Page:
Rate of Eating Disorders in Kids Keeps Rising
Jim LiebeltJim is Senior Writer, Editor and Researcher for the HomeWord Center for Youth and Family at Azusa Pacific University. Jim has over 25 years of experience as a youth and family ministry specialist, and has been on the HomeWord staff since 1998. He has served over the years as a pastor, author, youth ministry trainer, adjunct college instructor and speaker. Jim’s culture blog and parenting articles appear on HomeWord.com. Jim is a contributing author of culture and parenting articles to Crosswalk.com. Jim and his wife Jenny live in Olympia, WA.
- 2010 Nov 30
Eating disorders have risen steadily in children and teens over the last few decades, with some of the sharpest increases occurring in boys and minority youths, according to a new report.
An analysis by the Agency for Healthcare Research and Quality found that hospitalizations for eating disorders jumped by 119 percent between 1999 and 2006 for kids younger than 12.
At the same time as severe cases of anorexia and bulimia have risen, so too have "partial-syndrome" eating disorders -- young people who have some, but not all, of the symptoms of an eating disorder. Athletes, including gymnasts and wrestlers, and performers, including dancers and models, may be particularly at risk, according to the report.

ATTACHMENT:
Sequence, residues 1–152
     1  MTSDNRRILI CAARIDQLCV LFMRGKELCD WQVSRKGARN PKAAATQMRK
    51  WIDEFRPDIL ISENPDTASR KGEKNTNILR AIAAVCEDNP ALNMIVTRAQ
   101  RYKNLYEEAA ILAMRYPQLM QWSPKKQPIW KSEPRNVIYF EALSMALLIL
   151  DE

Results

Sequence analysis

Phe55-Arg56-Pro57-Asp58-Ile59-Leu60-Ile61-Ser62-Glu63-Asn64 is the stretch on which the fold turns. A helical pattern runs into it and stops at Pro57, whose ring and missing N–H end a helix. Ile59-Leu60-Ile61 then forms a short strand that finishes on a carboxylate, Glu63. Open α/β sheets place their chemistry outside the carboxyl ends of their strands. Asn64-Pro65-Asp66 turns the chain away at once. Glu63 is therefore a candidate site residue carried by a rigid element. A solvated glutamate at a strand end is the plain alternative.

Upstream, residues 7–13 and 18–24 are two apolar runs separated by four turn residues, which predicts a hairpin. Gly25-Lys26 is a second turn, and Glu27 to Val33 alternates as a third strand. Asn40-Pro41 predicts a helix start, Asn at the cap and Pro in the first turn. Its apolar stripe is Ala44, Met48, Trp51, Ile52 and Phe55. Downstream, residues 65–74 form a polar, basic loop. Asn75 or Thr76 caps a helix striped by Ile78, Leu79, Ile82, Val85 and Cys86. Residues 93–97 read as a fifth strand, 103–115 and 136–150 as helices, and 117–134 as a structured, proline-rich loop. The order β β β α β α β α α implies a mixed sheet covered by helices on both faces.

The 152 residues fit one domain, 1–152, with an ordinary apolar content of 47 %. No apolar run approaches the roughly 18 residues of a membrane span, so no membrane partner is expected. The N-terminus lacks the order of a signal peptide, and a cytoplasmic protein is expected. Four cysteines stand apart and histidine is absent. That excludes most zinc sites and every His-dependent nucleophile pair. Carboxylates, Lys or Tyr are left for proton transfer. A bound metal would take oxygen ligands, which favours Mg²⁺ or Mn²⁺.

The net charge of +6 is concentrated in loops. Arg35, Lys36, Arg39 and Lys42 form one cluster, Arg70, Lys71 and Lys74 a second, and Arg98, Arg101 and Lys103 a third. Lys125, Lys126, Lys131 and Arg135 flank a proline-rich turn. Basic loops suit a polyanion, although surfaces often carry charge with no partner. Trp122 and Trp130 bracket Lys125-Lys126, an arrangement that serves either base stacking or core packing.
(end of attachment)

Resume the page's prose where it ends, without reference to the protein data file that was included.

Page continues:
"We are seeing a lot more eating disorders than we used to and we are seeing it in people we didn't associate with eating disorders in the past -- a lot of boys, little kids, people of color and those with lower socioeconomic backgrounds," said report author Dr. David Rosen, a professor of pediatrics, internal medicine and psychiatry at University of Michigan. "The stereotype [patient] is of an affluent white girl of a certain age. We wanted people to understand eating disorders are equal-opportunity disorders."
The report is published in the December issue of Pediatrics.
While an estimated 0.5 percent of adolescent girls in the United States have anorexia and about 1 to 2 percent have bulimia, experts estimate that between 0.8 to 14 percent of Americans generally have at least some of the physical and psychological symptoms of an eating disorder, according to the report.
Boys now represent about 5 to 10 percent of those with eating disorders, although some research suggests that number may be even higher, said Lisa Lilenfeld, incoming president of the Eating Disorders Coalition for Research, Policy and Action in Washington, D.C.